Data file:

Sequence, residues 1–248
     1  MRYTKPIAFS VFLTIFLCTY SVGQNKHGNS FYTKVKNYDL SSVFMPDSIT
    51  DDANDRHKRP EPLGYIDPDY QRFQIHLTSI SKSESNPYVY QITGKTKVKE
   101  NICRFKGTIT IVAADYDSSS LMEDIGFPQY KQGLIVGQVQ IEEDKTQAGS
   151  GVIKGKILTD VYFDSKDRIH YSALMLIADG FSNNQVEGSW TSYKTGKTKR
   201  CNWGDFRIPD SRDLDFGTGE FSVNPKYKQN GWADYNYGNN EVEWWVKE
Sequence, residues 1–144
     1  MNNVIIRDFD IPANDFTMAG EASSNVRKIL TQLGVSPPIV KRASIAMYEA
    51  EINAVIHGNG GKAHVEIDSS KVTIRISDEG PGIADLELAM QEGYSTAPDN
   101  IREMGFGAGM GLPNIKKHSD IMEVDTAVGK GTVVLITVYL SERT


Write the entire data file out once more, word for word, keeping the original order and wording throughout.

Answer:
Sequence, residues 1–248
     1  MRYTKPIAFS VFLTIFLCTY SVGQNKHGNS FYTKVKNYDL SSVFMPDSIT
    51  DDANDRHKRP EPLGYIDPDY QRFQIHLTSI SKSESNPYVY QITGKTKVKE
   101  NICRFKGTIT IVAADYDSSS LMEDIGFPQY KQGLIVGQVQ IEEDKTQAGS
   151  GVIKGKILTD VYFDSKDRIH YSALMLIADG FSNNQVEGSW TSYKTGKTKR
   201  CNWGDFRIPD SRDLDFGTGE FSVNPKYKQN GWADYNYGNN EVEWWVKE
Sequence, residues 1–144
     1  MNNVIIRDFD IPANDFTMAG EASSNVRKIL TQLGVSPPIV KRASIAMYEA
    51  EINAVIHGNG GKAHVEIDSS KVTIRISDEG PGIADLELAM QEGYSTAPDN
   101  IREMGFGAGM GLPNIKKHSD IMEVDTAVGK GTVVLITVYL SERT